- Google has been interested in Twitter since its inception, according to a MediaPost article, and that acquisition has never been more within reach — it's so close, in fact, Google reportedly hired an outside firm to evaluate the deal.
- Over the past month, Google and Salesforce, and then later Disney, have all been rumored to be interested in buying the micro-blogging platform, which has tried to turn around a sluggish year with expansions into live streaming video through media partnerships with Bloomberg TV and the NFL.
- Bloomberg reported that Lazard Inc. is the firm Google is using to vet a potential deal, and that Lazard previously served as the financial advisor for Google’s takeover of software development firm Apigee in September, a deal worth $625 million.
Last week, when there were rumblings of Disney's potential Twitter buy, stocks for the micro-blogging platform jumped 20% — a jolted financial interest that follows a year where Twitter consistently failed to meet Wall Street expectations.
Now, Google rises to the top of the acquisition rumor mill, but its interest in the company perhaps makes the most sense, especially given that it's eyed Twitter for years, per MediaPost.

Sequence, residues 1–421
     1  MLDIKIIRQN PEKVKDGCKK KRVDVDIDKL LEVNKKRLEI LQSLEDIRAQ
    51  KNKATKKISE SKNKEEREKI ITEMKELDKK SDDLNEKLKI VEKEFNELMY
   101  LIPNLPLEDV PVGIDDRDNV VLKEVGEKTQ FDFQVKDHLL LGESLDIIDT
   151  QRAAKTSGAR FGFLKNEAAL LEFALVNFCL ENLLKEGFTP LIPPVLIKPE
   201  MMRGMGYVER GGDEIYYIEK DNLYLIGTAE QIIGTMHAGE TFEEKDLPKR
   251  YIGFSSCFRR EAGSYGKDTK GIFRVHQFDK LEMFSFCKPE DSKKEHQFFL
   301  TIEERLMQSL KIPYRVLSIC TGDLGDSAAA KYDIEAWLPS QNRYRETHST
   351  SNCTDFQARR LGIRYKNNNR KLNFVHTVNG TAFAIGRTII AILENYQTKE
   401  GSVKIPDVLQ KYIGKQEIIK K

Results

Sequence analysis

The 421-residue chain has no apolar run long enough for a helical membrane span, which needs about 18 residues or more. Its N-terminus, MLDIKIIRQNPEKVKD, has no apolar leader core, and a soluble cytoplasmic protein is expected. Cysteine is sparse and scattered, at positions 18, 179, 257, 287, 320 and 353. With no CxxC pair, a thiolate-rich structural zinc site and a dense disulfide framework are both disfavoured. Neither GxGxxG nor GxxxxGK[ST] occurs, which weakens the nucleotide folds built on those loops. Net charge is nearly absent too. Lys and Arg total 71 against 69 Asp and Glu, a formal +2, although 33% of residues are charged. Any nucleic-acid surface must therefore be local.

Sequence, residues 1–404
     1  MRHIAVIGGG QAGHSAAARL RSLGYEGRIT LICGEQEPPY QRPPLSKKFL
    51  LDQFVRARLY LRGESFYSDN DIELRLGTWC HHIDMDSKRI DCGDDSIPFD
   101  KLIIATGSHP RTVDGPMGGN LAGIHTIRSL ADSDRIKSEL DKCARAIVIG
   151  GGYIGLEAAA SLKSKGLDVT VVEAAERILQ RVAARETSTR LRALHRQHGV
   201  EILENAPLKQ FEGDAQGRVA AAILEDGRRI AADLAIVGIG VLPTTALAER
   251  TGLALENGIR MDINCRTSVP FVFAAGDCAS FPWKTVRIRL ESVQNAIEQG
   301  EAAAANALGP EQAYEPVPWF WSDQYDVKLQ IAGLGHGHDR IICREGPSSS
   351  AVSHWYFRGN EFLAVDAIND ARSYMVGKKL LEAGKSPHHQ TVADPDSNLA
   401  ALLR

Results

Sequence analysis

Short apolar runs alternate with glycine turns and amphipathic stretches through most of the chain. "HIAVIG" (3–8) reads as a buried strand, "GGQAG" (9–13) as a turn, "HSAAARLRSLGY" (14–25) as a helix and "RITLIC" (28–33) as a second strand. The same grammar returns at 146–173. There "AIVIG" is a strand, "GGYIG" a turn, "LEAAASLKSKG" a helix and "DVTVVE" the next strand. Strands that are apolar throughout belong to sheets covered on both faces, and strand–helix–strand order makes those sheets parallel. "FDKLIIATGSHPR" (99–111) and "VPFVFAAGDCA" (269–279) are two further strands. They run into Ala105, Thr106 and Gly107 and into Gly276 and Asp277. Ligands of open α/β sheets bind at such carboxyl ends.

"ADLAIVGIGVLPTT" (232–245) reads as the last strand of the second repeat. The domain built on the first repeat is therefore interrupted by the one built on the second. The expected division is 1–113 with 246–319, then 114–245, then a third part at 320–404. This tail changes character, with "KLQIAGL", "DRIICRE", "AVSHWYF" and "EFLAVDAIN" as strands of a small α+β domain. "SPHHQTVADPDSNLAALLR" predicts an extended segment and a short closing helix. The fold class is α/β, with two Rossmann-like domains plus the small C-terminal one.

The acquisition of Twitter obviously means different things for each of the suitors, but Alphabet Inc., Google’s parent company, is likely interested in bringing an established social media platform into its fold after multiple in-house failures, including Google+ and Buzz.
Twitter may not be a financial powerhouse — Sir Martin Sorrel of WPP, which spends hundreds of millions on Twitter annually, noted in a talk last month that it bleeds money — but it remains a formidable social media establishment, and the go-to platform for real-time reactions to news and live events like sports.
Throughout 2016, Twitter's revamped itself to be more appealing and accessible to both users and marketers, adding new advertising options like native app install campaigns, video streaming deals with every major professional sports organization and even tweaks to its iconic 140-character limit.